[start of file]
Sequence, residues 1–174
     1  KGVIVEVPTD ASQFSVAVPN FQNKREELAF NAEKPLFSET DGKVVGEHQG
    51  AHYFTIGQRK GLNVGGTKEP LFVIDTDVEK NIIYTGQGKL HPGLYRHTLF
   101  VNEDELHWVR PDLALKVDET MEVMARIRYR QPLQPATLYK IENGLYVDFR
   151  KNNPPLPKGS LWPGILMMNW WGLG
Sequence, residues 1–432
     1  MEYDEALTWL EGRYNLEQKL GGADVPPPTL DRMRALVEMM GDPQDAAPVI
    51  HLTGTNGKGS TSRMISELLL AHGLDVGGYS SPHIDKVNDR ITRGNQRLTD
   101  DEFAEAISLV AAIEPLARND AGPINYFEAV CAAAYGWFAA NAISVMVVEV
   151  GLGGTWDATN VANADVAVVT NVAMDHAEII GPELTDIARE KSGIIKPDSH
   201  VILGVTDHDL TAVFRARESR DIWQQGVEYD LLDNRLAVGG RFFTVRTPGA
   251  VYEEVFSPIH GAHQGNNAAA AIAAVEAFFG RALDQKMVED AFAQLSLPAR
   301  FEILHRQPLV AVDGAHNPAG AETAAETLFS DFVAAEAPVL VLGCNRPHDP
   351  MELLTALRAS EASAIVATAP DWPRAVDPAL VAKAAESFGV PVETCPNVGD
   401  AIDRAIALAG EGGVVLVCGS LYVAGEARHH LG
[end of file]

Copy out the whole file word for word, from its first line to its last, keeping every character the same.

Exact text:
Sequence, residues 1–174
     1  KGVIVEVPTD ASQFSVAVPN FQNKREELAF NAEKPLFSET DGKVVGEHQG
    51  AHYFTIGQRK GLNVGGTKEP LFVIDTDVEK NIIYTGQGKL HPGLYRHTLF
   101  VNEDELHWVR PDLALKVDET MEVMARIRYR QPLQPATLYK IENGLYVDFR
   151  KNNPPLPKGS LWPGILMMNW WGLG
Sequence, residues 1–432
     1  MEYDEALTWL EGRYNLEQKL GGADVPPPTL DRMRALVEMM GDPQDAAPVI
    51  HLTGTNGKGS TSRMISELLL AHGLDVGGYS SPHIDKVNDR ITRGNQRLTD
   101  DEFAEAISLV AAIEPLARND AGPINYFEAV CAAAYGWFAA NAISVMVVEV
   151  GLGGTWDATN VANADVAVVT NVAMDHAEII GPELTDIARE KSGIIKPDSH
   201  VILGVTDHDL TAVFRARESR DIWQQGVEYD LLDNRLAVGG RFFTVRTPGA
   251  VYEEVFSPIH GAHQGNNAAA AIAAVEAFFG RALDQKMVED AFAQLSLPAR
   301  FEILHRQPLV AVDGAHNPAG AETAAETLFS DFVAAEAPVL VLGCNRPHDP
   351  MELLTALRAS EASAIVATAP DWPRAVDPAL VAKAAESFGV PVETCPNVGD
   401  AIDRAIALAG EGGVVLVCGS LYVAGEARHH LG